Two new studies report solanezumab may hold promise for Alzheimer’s patients
The combined results from two studies of solanezumab suggest it might modestly slow mental decline in Alzheimer’s patients, particularly in those with mild disease. The findings were presented on October 8 at the annual American Neurological Association conference, which runs from October 7 through 9 in Boston, Massachusetts.
The findings from each study did not show significant benefit from the experimental medication, which is being developed by Eli Lilly & Co; however, over a period of 18 months, the pooled results found 34% less decline in mild Alzheimer's patients compared to those on a placebo. The researchers caution that the results do not appear strong enough to win FDA approval at present; however, they provide evidence that investigators are on the right track in their quest for medicines that will clear the damaging deposits that clog the brain.
Solanezumab is one of three drugs in late-stage testing that seek to alter the course of Alzheimer's. The two studies each had about 1,000 patients, about two-thirds with mild disease and one-third with moderately severe Alzheimer's, in 16 countries. Their average age was 75.
The main outcome measure of one study was the evaluation of language, memory, and thinking; the other examined the ability to perform daily activities such as eating and grooming. The combined results on the mild disease patients showed a nearly 2-point difference in the roughly 90-point score on thinking abilities. “It's a small difference,” noted Dr. Rachelle Doody of Baylor College of Medicine at the conference. She added, however, “you slow the decline with the drug.” Dr. Doody heads a nationwide research network funded by the National Institute on Aging that did an independent analysis of the pharmaceutical manufacturers results. A Lilly official said the company will discuss further research with the FDA.
Dementia is a loss of brain function that occurs with certain diseases. Alzheimer's disease is one form of dementia that gradually worsens over time. It affects memory, thinking, and behavior. Memory impairment, as well as problems with language, decision-making ability, judgment, and personality, are necessary features for the diagnosis. Age and family history are risk factors for Alzheimer’s disease. The risk rises with age; however, developing Alzheimer's disease is not a part of normal aging. Having a close blood relative, such as a brother, sister, or parent who developed the disease increases one’s risk. Having certain combination of genes for proteins that appear to be abnormal in Alzheimer's disease also increases your risk.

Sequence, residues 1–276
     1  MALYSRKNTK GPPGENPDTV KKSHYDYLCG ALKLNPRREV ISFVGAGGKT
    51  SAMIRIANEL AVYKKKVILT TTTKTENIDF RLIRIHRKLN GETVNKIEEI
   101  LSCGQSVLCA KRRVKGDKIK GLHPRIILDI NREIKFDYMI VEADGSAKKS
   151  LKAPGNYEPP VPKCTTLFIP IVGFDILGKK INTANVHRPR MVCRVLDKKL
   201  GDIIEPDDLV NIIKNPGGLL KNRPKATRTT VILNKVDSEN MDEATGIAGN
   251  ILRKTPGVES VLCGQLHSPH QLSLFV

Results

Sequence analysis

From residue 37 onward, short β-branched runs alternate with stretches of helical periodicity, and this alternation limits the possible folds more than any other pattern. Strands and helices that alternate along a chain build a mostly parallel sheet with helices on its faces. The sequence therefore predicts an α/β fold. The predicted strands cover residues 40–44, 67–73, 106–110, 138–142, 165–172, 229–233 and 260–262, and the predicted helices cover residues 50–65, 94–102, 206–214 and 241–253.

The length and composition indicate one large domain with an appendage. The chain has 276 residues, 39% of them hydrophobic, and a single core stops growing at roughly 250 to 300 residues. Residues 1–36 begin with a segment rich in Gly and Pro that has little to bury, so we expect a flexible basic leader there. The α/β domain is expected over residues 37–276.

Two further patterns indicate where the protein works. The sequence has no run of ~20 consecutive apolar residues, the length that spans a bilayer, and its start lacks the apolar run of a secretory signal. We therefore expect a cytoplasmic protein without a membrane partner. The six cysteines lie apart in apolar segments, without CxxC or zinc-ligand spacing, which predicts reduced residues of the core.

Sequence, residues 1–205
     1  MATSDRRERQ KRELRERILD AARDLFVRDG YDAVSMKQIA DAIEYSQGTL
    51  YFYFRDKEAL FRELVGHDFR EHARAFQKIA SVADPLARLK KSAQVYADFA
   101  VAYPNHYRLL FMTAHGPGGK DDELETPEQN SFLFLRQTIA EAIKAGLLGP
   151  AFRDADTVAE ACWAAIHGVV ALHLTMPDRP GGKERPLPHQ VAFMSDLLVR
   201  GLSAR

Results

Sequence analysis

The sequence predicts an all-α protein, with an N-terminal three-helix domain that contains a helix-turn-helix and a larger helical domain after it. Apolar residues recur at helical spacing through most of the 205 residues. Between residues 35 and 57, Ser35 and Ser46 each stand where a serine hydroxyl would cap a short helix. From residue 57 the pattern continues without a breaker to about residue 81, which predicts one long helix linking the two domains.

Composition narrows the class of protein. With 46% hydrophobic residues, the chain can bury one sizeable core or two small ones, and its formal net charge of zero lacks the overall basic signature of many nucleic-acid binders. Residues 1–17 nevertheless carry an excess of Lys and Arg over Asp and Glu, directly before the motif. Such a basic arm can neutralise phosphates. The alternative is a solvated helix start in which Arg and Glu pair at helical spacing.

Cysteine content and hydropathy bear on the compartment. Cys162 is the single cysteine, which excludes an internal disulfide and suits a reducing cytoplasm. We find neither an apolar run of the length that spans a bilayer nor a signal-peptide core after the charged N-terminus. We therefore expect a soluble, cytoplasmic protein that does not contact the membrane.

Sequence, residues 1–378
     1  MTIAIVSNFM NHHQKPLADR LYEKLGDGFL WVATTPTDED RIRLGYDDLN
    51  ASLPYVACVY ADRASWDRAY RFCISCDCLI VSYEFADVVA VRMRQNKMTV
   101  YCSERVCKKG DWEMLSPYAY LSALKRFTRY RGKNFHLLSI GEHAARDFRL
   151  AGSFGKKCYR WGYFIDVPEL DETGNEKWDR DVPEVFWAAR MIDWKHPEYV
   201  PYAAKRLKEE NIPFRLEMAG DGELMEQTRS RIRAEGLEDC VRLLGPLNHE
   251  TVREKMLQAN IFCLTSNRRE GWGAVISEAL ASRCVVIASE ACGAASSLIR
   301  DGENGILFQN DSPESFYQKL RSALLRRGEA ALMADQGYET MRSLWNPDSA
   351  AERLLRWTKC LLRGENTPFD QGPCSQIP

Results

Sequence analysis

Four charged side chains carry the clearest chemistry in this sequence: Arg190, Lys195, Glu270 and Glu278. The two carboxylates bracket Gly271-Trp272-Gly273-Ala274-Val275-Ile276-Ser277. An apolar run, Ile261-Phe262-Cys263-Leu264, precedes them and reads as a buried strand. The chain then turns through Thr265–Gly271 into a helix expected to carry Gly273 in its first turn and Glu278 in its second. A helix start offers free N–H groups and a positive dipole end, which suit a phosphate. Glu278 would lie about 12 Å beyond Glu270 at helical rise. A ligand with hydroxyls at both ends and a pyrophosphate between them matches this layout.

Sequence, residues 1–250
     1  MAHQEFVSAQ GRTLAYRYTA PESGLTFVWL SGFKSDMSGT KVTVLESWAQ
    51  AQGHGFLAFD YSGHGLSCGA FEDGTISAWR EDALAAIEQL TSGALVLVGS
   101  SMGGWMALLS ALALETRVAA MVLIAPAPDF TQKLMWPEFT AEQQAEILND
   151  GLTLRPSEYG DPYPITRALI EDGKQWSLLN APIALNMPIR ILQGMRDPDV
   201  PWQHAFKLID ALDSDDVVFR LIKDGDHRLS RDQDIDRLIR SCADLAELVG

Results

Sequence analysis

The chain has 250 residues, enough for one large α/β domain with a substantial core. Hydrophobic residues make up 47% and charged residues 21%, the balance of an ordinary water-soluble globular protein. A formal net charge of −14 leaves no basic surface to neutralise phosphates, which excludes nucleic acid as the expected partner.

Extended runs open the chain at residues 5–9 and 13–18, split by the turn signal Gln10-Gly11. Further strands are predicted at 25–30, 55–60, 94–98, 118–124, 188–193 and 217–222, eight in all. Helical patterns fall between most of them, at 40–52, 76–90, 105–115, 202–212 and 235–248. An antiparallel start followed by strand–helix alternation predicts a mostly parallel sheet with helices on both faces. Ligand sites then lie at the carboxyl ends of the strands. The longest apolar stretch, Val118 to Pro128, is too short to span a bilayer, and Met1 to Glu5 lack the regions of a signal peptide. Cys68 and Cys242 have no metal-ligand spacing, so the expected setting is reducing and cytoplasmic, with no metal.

Other risk factors that are not as well proven include:
- Longstanding high blood pressure
- History of head trauma
- Female gender
There are two types of AD: early onset and late onset. In early onset AD, symptoms first appear before age 60. Early onset Alzheimer’s is much less common than late onset. However, it tends to progress rapidly. Early onset disease can run in families. Several genes have been identified. Late onset Alzheimer’s, the most common form of the disease, develops in individuals age 60 and older. Late onset Alzheimer’s may run in some families, but the role of genes is less clear.
The cause of the disease is not entirely known; however, it is thought to include both genetic and environmental factors. A diagnosis of AD is made when certain symptoms are present, and by making sure other causes of dementia are not present. The only way to know for certain that someone has Alzheimer’s is to examine a sample of their brain tissue after death. The following changes are more common in the brain tissue of individuals with the disease:
- Neurofibrillary tangles: twisted fragments of protein within nerve cells that clog up the cell.
- Neuritic plaques: abnormal clusters of dead and dying nerve cells, other brain cells, and protein.
- Senile plaques: areas where products of dying nerve cells have accumulated around protein.
When nerve cells (neurons) are destroyed, there is a decrease in the chemicals that help nerve cells send messages to one another (called neurotransmitters). As a result, areas of the brain that normally work together become disconnected. The buildup of aluminum, lead, mercury, and other substances in the brain is no longer believed to be a cause of the disease.
Reference: American Neurological Association